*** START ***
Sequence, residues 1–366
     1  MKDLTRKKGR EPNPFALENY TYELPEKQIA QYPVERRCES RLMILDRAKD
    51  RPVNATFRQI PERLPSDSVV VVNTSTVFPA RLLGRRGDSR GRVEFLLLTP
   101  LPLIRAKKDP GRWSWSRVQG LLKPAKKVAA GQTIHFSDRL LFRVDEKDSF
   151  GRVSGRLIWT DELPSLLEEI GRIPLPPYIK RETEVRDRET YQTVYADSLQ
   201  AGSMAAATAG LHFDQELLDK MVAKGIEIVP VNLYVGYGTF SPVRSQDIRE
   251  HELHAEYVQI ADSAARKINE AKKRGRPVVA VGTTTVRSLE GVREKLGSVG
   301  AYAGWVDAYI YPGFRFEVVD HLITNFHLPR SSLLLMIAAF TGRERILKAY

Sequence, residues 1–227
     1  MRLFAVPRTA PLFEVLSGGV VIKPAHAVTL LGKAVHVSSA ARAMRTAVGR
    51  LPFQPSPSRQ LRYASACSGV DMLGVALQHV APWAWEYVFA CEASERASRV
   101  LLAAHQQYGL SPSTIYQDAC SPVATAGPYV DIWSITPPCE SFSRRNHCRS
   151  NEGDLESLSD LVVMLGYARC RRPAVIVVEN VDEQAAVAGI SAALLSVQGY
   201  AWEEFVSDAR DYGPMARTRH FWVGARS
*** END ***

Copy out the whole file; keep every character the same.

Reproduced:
Sequence, residues 1–366
     1  MKDLTRKKGR EPNPFALENY TYELPEKQIA QYPVERRCES RLMILDRAKD
    51  RPVNATFRQI PERLPSDSVV VVNTSTVFPA RLLGRRGDSR GRVEFLLLTP
   101  LPLIRAKKDP GRWSWSRVQG LLKPAKKVAA GQTIHFSDRL LFRVDEKDSF
   151  GRVSGRLIWT DELPSLLEEI GRIPLPPYIK RETEVRDRET YQTVYADSLQ
   201  AGSMAAATAG LHFDQELLDK MVAKGIEIVP VNLYVGYGTF SPVRSQDIRE
   251  HELHAEYVQI ADSAARKINE AKKRGRPVVA VGTTTVRSLE GVREKLGSVG
   301  AYAGWVDAYI YPGFRFEVVD HLITNFHLPR SSLLLMIAAF TGRERILKAY

Sequence, residues 1–227
     1  MRLFAVPRTA PLFEVLSGGV VIKPAHAVTL LGKAVHVSSA ARAMRTAVGR
    51  LPFQPSPSRQ LRYASACSGV DMLGVALQHV APWAWEYVFA CEASERASRV
   101  LLAAHQQYGL SPSTIYQDAC SPVATAGPYV DIWSITPPCE SFSRRNHCRS
   151  NEGDLESLSD LVVMLGYARC RRPAVIVVEN VDEQAAVAGI SAALLSVQGY
   201  AWEEFVSDAR DYGPMARTRH FWVGARS